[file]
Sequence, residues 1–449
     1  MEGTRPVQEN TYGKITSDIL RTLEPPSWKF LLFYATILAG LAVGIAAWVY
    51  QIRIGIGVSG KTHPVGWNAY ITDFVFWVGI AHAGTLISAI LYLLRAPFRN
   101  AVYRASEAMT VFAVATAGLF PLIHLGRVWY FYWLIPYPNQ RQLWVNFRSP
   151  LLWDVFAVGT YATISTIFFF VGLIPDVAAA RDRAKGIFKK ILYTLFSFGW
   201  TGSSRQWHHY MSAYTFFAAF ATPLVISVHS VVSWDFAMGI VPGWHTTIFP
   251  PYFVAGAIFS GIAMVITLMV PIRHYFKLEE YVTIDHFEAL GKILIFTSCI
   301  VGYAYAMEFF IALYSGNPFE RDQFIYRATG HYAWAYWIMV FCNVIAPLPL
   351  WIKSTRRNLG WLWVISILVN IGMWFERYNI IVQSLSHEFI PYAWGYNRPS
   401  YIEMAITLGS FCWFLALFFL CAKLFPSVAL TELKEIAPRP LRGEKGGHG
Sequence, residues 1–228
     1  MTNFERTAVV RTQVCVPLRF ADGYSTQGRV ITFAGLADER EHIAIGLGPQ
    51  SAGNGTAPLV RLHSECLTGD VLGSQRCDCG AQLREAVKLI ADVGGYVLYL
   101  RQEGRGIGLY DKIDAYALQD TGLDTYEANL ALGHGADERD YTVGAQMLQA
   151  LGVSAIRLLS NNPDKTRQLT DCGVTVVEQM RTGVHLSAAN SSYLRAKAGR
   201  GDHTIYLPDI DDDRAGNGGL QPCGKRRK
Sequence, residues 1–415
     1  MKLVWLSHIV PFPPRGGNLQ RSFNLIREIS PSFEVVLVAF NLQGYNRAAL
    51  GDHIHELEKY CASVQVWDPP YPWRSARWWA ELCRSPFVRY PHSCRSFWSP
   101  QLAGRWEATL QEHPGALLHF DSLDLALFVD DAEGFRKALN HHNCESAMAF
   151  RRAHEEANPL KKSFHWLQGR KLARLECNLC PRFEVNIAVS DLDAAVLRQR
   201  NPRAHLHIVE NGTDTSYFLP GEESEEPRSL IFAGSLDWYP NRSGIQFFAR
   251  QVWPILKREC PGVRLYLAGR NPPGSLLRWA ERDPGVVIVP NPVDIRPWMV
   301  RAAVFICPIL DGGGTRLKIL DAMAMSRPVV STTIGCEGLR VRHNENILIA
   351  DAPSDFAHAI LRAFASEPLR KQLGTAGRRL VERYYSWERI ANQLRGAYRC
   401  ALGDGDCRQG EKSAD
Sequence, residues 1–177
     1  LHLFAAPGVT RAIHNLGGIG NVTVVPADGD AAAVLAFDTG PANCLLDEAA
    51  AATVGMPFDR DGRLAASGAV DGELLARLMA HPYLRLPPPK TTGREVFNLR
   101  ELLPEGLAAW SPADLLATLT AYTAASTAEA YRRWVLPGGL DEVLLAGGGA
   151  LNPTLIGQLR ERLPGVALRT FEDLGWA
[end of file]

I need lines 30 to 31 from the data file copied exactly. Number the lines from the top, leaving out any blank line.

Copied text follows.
   101  ELLPEGLAAW SPADLLATLT AYTAASTAEA YRRWVLPGGL DEVLLAGGGA
   151  LNPTLIGQLR ERLPGVALRT FEDLGWA